Friday, November 28, 2008
After a record-strong snowstorm it didn't take long for the snow almost to disappeard. There is still some left, but it may be that in a few even that is gone.
This night I took some photos after sunset, trying to catch scenes created by the last snow. Here are two images on the big contrast between light and dark in the landscape, both taken from a small bridge across a brook. Before taking the "White on white" photo I accidentally dropped the camera onto snow. The front lens had some moisture on it, which explains some of the blur.
Thursday, November 27, 2008
Once again I did some long exposure photography at night. Now that we have snow (at least for a while), the white background changed the results dramatically. The shadows are emphasized, as are the outlines of people. Here are two examples which I found quite illuminating (or should I say shadowy?).
Update: By the way, the snowstorm we had in Finland last weekend was the worst since 1961. No wonder it felt afterwards that we had quite enough snow, and it was even difficult to be positive about the first snow. But now it seems that this snow may not last for long - warmer weather ahead.
Today I took a few more photos of winter landscapes, this time by the sea at Laajalahti. It is quite challenging to capture snow in a photo, and it was also very clouded and thus - in contrast to yesterday - the light was a bit dull. But there were some interesting shapes and colors nevertheless, which I tried to capture.
Wednesday, November 26, 2008
I took some photos late at night today, trying to catch the snow landscape as long as it lasts. Tomorrow will be a warmer day, and some of the snow is going to melt. Already today we had slush on the streets.
I had only a mini-tripod with me when taking photos at night, but there was one benefit to moist snow: you could build a base to hold the camera where you wanted. It was dark enough that nobody probably saw me playing with snow, but if someone did watch it probably appeared quite strange.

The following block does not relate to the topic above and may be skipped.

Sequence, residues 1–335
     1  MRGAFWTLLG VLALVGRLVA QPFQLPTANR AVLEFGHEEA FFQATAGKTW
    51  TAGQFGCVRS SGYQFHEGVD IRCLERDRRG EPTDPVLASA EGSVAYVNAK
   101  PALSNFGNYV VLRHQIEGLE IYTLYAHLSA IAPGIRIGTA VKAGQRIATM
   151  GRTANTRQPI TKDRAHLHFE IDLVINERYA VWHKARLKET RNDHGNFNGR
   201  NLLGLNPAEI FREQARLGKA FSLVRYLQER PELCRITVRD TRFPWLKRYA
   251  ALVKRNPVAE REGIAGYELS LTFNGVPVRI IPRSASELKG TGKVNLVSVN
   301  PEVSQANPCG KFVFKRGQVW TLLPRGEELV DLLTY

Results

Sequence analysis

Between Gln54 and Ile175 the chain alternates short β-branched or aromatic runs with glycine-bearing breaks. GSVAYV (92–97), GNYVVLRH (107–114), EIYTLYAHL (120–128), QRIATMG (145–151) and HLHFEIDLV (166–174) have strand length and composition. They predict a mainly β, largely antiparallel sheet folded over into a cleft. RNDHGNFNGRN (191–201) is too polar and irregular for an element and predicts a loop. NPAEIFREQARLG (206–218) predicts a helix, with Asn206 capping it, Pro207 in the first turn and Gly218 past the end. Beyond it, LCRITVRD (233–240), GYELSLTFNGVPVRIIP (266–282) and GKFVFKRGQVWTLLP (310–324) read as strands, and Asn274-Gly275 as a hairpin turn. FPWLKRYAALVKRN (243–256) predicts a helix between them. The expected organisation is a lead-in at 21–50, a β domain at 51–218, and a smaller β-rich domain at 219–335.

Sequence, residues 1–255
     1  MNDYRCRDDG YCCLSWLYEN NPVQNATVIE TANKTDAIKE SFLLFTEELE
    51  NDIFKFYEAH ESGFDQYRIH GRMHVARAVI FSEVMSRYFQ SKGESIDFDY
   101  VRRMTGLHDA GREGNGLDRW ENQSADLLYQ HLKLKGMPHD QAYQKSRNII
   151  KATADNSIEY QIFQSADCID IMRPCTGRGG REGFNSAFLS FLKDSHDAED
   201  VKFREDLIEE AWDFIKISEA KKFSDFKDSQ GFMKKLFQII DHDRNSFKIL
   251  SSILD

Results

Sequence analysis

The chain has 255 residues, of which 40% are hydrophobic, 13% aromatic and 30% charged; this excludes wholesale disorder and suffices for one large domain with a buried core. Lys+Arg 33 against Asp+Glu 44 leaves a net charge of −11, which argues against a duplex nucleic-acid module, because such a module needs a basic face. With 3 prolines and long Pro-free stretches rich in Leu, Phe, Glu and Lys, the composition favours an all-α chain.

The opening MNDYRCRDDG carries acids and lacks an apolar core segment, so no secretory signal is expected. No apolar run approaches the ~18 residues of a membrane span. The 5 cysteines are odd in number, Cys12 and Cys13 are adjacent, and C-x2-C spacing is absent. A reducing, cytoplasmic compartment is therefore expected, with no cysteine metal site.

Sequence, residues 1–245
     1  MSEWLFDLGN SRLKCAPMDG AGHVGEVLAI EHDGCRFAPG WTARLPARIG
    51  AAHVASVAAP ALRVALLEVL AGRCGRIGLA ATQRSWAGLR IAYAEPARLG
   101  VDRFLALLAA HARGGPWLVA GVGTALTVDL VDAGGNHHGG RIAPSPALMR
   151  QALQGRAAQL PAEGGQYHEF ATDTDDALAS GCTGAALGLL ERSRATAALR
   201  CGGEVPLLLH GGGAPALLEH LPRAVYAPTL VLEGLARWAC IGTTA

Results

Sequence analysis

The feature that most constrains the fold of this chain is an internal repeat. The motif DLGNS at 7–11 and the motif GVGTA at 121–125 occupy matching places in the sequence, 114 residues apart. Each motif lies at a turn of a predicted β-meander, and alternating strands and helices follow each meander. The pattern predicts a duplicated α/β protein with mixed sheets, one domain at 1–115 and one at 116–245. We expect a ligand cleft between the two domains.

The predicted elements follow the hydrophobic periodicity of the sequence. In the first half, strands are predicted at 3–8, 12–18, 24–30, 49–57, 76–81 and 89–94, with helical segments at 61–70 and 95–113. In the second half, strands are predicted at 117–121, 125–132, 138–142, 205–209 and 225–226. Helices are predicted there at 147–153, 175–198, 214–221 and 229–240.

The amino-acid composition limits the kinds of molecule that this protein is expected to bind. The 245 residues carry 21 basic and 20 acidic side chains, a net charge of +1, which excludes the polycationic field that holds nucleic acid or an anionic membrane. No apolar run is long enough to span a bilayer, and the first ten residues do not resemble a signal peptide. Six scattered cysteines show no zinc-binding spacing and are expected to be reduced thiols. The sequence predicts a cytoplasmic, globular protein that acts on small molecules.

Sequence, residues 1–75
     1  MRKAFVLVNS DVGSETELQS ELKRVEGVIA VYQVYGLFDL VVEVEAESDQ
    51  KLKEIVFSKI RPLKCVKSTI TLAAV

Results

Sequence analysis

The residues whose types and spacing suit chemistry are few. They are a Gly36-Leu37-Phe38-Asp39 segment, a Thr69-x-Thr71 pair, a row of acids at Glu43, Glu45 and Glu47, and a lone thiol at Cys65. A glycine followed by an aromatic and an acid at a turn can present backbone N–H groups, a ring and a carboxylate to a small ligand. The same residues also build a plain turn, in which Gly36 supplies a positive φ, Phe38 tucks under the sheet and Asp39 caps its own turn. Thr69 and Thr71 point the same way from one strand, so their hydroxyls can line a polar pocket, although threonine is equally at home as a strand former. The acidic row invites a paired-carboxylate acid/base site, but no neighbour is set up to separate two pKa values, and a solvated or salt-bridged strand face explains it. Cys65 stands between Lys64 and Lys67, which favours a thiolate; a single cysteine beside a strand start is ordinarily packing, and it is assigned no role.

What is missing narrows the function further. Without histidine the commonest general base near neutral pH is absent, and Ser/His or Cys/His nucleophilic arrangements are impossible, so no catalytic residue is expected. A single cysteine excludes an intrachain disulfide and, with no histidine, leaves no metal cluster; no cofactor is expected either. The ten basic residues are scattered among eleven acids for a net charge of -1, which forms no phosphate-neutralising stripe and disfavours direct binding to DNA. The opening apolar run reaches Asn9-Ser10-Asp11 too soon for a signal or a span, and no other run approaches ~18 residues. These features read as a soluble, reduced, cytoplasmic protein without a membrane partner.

I struggled a bit with the white balance settings, trying to define a custom white balance, but unfortunately there were so many different light sources that this proved impossible for me. Finally I ended up using AWB. With this scene it did a quite nice job.
Update: Panasonic just announced that they are releasing a firmware update v. 1.1 for the LX3, which - in addition to supporting a new flash unit - "improves auto white balance performance under different color temperatures and lighting". This will be available on December 15th.
While driving to a meeting after a quick lunch I realized I had a couple of minutes to spare. I happened to be driving past the Seurasaari park region in Helsinki, and stopped at the parking place for a quick landscape photography session. The sea was quite calm, clouds had an interesting variety of gray shades, and the snow provided some extra contrast to the landscape.
I did not have time to study the landscape, but instead took a couple of photos quickly from the bridge to Seurasaari. The routine I have developed for photography was useful here, as I rapidly scanned the view for potential subjects for photography.
Afterwards I had mixed feelings. I was happy to finally be able to do some winter landscape photography in daytime, but due to rush I felt that the results would be bad.
However, I rather liked some of the photos I took. The interesting winter light generated a kind of shine to the landscape, and this was visible in the photos. Once again I was happy how the LX3 performed - it is a good tool for landcape photography. The muted colors and the strong contrast between dark trees and white snow were captured nicely.
Yesterday I started reading the book Stieglitz, Camera work which is a collection of photography images and essays published in the magazine Camera Work: "[it] was a quarterly photographic journal published by Alfred Stieglitz from 1903 to 1917 that was known for its high-quality reproductions and its effort to establish photography as a fine art." The introductory essay was quite deep, providing insight in the early stages of photography as a unique art form. And the photos are inspiring even today.
To provide some contrast to the fine art aspects and the roots of modern photography, Kottke.org pointed to an angry but entertaining posting titled Photography is for Jerkoffs: "5) Take pictures of everyday shit from stupid angles but make sure it's all SYMMETRICAL and that it isn't MOVING."